\begin{equation*} \frac{\sum_{n}^{ } s_n^2}{\sum s^2} \end{equation*}
From v, we can learn more about the combinations of original features that make up each principal component.
# Get selected params
s=pd.DataFrame(pca_model_params['s'].asnumpy())
v=pd.DataFrame(pca_model_params['v'].asnumpy())
# The top principal components are actually at the end of the data frame.
# Ordered by least significance to most sigificance.
# Let's look at top 5
display(s.iloc[NUM_COMPONENTS-5:, :])
Text
0
28
7.991313
29
10.180052
30
11.718245
31
13.035975
32
19.592180
def explained_variance(s, n_top_components):
'''
:param s: A dataframe of singular values for top components;
the top value is in the last row.
:param n_top_components: An integer, the number of top components to use.
:return: The expected data variance covered by the n_top_components.
'''
start_idx = len(s) - n_top_components
denom = np.square(s).sum()[0]
numer = np.square(s.iloc[start_idx:, :]).sum()[0]
return numer/denom
for n in range(1, 10):
print('Explained variance with {} top components: {}'.format(n, explained_variance(s, n)))
Explained variance with 1 top components: 0.32098713517189026
Explained variance with 2 top components: 0.46309205889701843
Explained variance with 3 top components: 0.5779199004173279
Explained variance with 4 top components: 0.6645806431770325
Explained variance with 5 top components: 0.7179827094078064
Explained variance with 6 top components: 0.7675008773803711
Explained variance with 7 top components: 0.8016724586486816
Explained variance with 8 top components: 0.8315857648849487
Explained variance with 9 top components: 0.8576101660728455

3.5 Examine Component Makeup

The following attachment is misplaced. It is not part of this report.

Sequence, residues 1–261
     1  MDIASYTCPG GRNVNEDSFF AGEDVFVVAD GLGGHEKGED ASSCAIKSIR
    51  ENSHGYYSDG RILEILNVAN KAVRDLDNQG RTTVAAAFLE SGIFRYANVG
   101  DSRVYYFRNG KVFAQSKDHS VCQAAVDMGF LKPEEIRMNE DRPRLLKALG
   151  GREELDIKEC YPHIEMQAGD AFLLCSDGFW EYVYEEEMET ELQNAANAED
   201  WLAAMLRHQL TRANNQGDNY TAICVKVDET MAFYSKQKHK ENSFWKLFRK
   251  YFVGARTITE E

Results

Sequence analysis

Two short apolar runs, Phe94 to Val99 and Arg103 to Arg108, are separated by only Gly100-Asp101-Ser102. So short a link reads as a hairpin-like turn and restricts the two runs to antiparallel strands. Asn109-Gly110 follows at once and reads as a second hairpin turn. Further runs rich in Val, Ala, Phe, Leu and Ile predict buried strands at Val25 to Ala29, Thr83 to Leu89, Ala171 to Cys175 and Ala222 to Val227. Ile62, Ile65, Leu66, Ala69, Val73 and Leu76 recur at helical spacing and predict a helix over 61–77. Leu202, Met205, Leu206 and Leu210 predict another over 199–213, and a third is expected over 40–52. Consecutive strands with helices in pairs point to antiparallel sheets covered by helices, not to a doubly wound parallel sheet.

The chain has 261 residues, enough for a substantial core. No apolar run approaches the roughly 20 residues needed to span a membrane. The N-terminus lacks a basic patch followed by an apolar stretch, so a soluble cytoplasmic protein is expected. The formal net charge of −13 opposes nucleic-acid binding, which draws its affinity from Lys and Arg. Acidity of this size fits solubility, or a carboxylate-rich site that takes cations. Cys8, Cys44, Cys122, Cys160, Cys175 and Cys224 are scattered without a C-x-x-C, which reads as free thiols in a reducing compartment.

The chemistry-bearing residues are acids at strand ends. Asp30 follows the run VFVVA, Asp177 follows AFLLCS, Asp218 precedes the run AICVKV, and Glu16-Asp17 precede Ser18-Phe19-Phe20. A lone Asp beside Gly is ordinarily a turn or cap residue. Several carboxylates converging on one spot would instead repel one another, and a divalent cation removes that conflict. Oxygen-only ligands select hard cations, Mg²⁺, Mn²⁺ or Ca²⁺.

We can now examine the makeup of each PCA component based on the weights of the original features that are included in the component.
import seaborn
def display_component_makeup(v, feature_list, component_idx, num_weights=10):
component = v.iloc[:, NUM_COMPONENTS-component_idx] # Reversed
component_values = np.squeeze(component.values) # Remove redundant arrays
component_df = pd.DataFrame(data=list(zip(component_values, feature_list)),
columns=['weights', 'features'])
# Create a new column for absolute weight, so we can sort it
component_df['abs_weights'] = component_df['weights'].apply(lambda x: np.abs(x))
sorted_weight_data = component_df.sort_values('abs_weights', ascending=False).head(num_weights)
ax = plt.subplots(figsize=(10, 6))
ax = seaborn.barplot(data=sorted_weight_data,
x='weights',
y='features')
ax.set_title('PCA Component Makeup of Component {}'.format(component_idx))
plt.show()
Each component is a linearly independent vector. The component represents a new basis in a projected component space. When we compare the feature weights, we are effectively asking, for this new basis vector, what is its corrrelation to the original feature space? For example, component 1 is negatively correlated with White percentage in the census data. Component 2 is positvely correlated with PrivateWork percentage in census data.
for idx in range(1, 3):
display_component_makeup(v, feature_list=norm_census_df.columns.values,
component_idx=idx,
num_weights=33)
png
png

Step 4 Deploy PCA with SageMaker

Now we can deploy the PCA model and use it as an endpoint without having to dig into the model params to transform an input.
%%time
pca_predictor = pca.deploy(initial_instance_count=1,
instance_type='ml.t2.medium')
-------------!CPU times: user 238 ms, sys: 15.3 ms, total: 254 ms
Wall time: 6min 33s